Why not? The most obvious possibility is fusion reactors.

The evangelism techniques of unspecified "religion" are actually pretty ineffective. Religions have a poor record of converting new believers who are already adults; religions spread by being the religion of the oppressor (so that the oppressed can join and gain more political power), focusing on children, and/or the precursor memes of the society that one is evangelizing in already point towards some of the religion's tenets. What religions do have are thought patterns and social sanctions that prevent one from thinking too far outside of that r... (read more)

One counterexample is South Korea, which is about 30% Christian [], and where Christianity seems to have spread largely peacefully.
Christianity's fairly common in sub-Saharan Africa, too, which did get colonized by European powers but which I think is fair to call culturally independent of Rome if India is. Conversely, North Africa was under the direct jurisdiction of the Roman Empire for a lot of its history, and it's now overwhelmingly Muslim (though small Christian minorities still exist; e.g. the Egyptian Copts).
This is highly questionable sociology. It would be as true to say that religions spread by being the religion of the oppressed - i.e. people taking on religious identity and practice in opposition to dominant societal forces. This is, for example, how Iraq became majority Shi'i. But frankly the claim is so vague and value-loaded as hardly to be a claim about the world. "The oppressor"? C'mon. It really just boils down to "boo religion." Your comment has many good points, but too much of it is like this, which means that the interesting parts get lost. Yes, in raw numbers, but the world population was approximately 5% of what it is today, so the comparison is flawed. A significant proportion of the world's population was Christian in 300 AD. The growth is particularly impressive when you consider the much greater difficulties in communication in those days. The article you link is particularly dishonest because it lists various advantages that early Christianity had over present-day Mormonism, but neglects to consider all the many disadvantages. That isn't fair. In what way are, say, Scandinavia and Russia descended from the Roman Empire? Never part of the Roman Empire, never colonised by a country in the Roman Empire. In what way are the Philippines an indirect descendant of the Roman Empire that doesn't also apply to India? Even more fatally for your argument, look at England. Christianity died out there after the Romans left and the country went pagan, but then the new people converted to Christianity. It's only after they became Christian that the Anglo-Saxons started seeing the Roman Empire as part of their cultural heritage. It looks to me like your causation is precisely backwards.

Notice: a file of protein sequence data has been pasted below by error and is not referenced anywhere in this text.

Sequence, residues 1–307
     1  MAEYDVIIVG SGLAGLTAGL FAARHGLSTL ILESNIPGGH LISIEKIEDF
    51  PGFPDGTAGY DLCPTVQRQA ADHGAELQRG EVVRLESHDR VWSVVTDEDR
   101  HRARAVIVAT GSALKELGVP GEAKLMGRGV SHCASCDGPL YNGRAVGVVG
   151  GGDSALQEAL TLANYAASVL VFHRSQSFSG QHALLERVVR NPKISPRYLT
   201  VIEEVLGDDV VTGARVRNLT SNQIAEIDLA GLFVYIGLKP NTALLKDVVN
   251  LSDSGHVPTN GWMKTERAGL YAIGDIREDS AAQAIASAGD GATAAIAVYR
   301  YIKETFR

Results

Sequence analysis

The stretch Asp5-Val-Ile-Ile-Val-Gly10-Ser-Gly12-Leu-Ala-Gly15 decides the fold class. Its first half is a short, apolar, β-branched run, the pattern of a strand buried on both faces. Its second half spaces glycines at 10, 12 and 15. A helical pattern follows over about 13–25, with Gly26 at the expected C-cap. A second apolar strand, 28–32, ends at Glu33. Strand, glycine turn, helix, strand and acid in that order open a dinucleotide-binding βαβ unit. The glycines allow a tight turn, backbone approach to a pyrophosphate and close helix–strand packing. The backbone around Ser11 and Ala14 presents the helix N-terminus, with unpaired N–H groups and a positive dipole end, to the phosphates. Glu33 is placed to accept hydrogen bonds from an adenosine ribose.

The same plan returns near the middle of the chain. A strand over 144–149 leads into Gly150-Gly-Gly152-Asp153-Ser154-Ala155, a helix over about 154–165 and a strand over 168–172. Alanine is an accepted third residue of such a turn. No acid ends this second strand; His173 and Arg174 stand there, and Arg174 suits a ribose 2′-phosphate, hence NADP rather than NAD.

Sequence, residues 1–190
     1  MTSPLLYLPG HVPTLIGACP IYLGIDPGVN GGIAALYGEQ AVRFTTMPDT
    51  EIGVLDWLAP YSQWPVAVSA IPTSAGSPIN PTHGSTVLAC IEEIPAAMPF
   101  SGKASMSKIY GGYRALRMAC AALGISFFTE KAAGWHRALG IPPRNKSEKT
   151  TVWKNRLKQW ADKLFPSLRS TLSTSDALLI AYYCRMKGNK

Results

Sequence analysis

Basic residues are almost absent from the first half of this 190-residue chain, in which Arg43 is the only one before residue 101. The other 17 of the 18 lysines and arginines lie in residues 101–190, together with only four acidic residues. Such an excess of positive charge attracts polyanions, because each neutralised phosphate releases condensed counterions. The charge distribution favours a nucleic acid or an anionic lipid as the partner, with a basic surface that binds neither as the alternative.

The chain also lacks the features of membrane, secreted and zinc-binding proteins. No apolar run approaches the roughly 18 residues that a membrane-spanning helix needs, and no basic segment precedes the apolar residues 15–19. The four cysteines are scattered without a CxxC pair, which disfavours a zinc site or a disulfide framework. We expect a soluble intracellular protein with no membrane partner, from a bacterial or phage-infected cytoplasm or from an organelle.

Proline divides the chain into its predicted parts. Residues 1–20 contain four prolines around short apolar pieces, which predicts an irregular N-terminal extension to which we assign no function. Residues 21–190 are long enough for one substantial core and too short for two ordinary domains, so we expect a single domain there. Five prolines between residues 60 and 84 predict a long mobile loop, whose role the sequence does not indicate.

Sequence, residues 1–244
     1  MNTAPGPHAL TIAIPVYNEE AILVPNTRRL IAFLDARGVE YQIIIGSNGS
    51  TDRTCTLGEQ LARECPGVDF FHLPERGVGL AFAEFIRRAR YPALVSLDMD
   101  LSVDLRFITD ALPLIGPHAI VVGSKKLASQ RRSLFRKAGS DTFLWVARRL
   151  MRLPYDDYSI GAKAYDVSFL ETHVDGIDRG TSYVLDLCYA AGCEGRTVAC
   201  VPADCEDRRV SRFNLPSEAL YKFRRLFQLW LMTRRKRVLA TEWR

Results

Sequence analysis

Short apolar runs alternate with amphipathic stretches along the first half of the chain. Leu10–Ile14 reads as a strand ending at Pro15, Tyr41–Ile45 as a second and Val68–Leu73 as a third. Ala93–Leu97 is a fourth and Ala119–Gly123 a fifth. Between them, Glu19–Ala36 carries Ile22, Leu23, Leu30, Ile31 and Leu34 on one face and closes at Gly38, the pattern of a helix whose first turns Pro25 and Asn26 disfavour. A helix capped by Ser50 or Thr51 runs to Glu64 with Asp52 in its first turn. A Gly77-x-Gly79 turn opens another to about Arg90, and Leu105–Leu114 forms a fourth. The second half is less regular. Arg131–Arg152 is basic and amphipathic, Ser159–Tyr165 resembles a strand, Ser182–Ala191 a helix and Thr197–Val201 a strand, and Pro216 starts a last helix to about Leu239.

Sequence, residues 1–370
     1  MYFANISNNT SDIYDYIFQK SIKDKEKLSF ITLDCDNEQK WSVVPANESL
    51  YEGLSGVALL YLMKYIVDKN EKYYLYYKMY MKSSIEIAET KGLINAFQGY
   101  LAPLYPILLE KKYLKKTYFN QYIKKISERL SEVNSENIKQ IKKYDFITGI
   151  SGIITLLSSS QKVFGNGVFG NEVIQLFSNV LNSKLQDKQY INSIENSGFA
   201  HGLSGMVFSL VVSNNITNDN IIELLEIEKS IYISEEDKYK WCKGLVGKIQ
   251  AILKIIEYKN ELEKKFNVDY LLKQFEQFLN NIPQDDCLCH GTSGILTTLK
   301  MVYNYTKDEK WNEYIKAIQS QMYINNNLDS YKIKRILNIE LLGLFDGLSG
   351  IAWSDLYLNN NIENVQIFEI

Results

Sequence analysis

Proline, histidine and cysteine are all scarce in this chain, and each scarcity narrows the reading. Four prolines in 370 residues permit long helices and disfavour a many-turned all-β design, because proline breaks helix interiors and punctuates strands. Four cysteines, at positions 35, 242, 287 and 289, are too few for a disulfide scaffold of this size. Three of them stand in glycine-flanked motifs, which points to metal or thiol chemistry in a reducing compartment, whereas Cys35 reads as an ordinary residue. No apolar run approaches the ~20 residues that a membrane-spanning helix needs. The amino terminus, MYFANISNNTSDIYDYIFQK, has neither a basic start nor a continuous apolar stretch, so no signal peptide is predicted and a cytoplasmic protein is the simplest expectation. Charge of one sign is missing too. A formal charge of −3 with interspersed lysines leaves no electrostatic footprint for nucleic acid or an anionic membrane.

Russia is a poor counter-argument, given that the ruler of Russia was called Caesar [].
No, Russia is an excellent counter-argument. Why was the ruler of Russia called Caesar? Because a some culturally Roman guy conquered them, as in JQuinton's narrative? No. Rather, because they converted to Christianity, and so they greatly respected the (Eastern) Roman Empire and saw it as part of their world, and so their rulers started calling themselves Caesar to invoke that heritage. In other words, they took to the Roman (Byzantine) cultural heritage because they became Christian, they did not become Christian because they had Roman or Byzantine heritage.
I thought the link went to The What-You’d-Implicitly-Heard-Before Telling Thing [] on Slate Star Codex.